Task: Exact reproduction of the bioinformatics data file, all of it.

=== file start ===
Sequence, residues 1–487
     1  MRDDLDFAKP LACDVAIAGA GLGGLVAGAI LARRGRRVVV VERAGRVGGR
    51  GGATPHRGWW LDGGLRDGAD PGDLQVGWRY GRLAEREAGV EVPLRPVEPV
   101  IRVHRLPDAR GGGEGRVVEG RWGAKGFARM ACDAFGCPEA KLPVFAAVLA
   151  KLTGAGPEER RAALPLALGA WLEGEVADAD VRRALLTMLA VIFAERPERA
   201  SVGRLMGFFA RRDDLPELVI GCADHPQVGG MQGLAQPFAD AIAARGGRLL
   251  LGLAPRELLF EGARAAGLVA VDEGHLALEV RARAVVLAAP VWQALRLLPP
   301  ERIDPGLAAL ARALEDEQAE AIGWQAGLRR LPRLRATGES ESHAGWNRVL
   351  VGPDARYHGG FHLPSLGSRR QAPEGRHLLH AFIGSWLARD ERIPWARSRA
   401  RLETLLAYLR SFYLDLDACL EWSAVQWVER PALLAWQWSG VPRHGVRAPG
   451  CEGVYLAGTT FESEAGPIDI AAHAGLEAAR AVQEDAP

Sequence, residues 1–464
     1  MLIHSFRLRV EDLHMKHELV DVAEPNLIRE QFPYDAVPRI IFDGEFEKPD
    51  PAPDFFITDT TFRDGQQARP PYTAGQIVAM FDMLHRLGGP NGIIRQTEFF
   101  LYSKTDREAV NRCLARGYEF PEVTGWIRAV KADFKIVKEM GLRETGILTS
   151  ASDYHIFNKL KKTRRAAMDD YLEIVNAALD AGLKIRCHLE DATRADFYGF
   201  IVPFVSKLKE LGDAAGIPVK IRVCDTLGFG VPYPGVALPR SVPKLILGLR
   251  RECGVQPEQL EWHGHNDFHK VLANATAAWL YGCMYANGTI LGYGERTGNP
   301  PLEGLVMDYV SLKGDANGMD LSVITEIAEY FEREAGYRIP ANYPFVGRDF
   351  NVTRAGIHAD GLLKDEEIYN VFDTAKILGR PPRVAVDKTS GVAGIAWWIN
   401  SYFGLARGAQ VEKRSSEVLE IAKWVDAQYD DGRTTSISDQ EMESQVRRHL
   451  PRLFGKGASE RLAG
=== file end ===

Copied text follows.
Sequence, residues 1–487
     1  MRDDLDFAKP LACDVAIAGA GLGGLVAGAI LARRGRRVVV VERAGRVGGR
    51  GGATPHRGWW LDGGLRDGAD PGDLQVGWRY GRLAEREAGV EVPLRPVEPV
   101  IRVHRLPDAR GGGEGRVVEG RWGAKGFARM ACDAFGCPEA KLPVFAAVLA
   151  KLTGAGPEER RAALPLALGA WLEGEVADAD VRRALLTMLA VIFAERPERA
   201  SVGRLMGFFA RRDDLPELVI GCADHPQVGG MQGLAQPFAD AIAARGGRLL
   251  LGLAPRELLF EGARAAGLVA VDEGHLALEV RARAVVLAAP VWQALRLLPP
   301  ERIDPGLAAL ARALEDEQAE AIGWQAGLRR LPRLRATGES ESHAGWNRVL
   351  VGPDARYHGG FHLPSLGSRR QAPEGRHLLH AFIGSWLARD ERIPWARSRA
   401  RLETLLAYLR SFYLDLDACL EWSAVQWVER PALLAWQWSG VPRHGVRAPG
   451  CEGVYLAGTT FESEAGPIDI AAHAGLEAAR AVQEDAP

Sequence, residues 1–464
     1  MLIHSFRLRV EDLHMKHELV DVAEPNLIRE QFPYDAVPRI IFDGEFEKPD
    51  PAPDFFITDT TFRDGQQARP PYTAGQIVAM FDMLHRLGGP NGIIRQTEFF
   101  LYSKTDREAV NRCLARGYEF PEVTGWIRAV KADFKIVKEM GLRETGILTS
   151  ASDYHIFNKL KKTRRAAMDD YLEIVNAALD AGLKIRCHLE DATRADFYGF
   201  IVPFVSKLKE LGDAAGIPVK IRVCDTLGFG VPYPGVALPR SVPKLILGLR
   251  RECGVQPEQL EWHGHNDFHK VLANATAAWL YGCMYANGTI LGYGERTGNP
   301  PLEGLVMDYV SLKGDANGMD LSVITEIAEY FEREAGYRIP ANYPFVGRDF
   351  NVTRAGIHAD GLLKDEEIYN VFDTAKILGR PPRVAVDKTS GVAGIAWWIN
   401  SYFGLARGAQ VEKRSSEVLE IAKWVDAQYD DGRTTSISDQ EMESQVRRHL
   451  PRLFGKGASE RLAG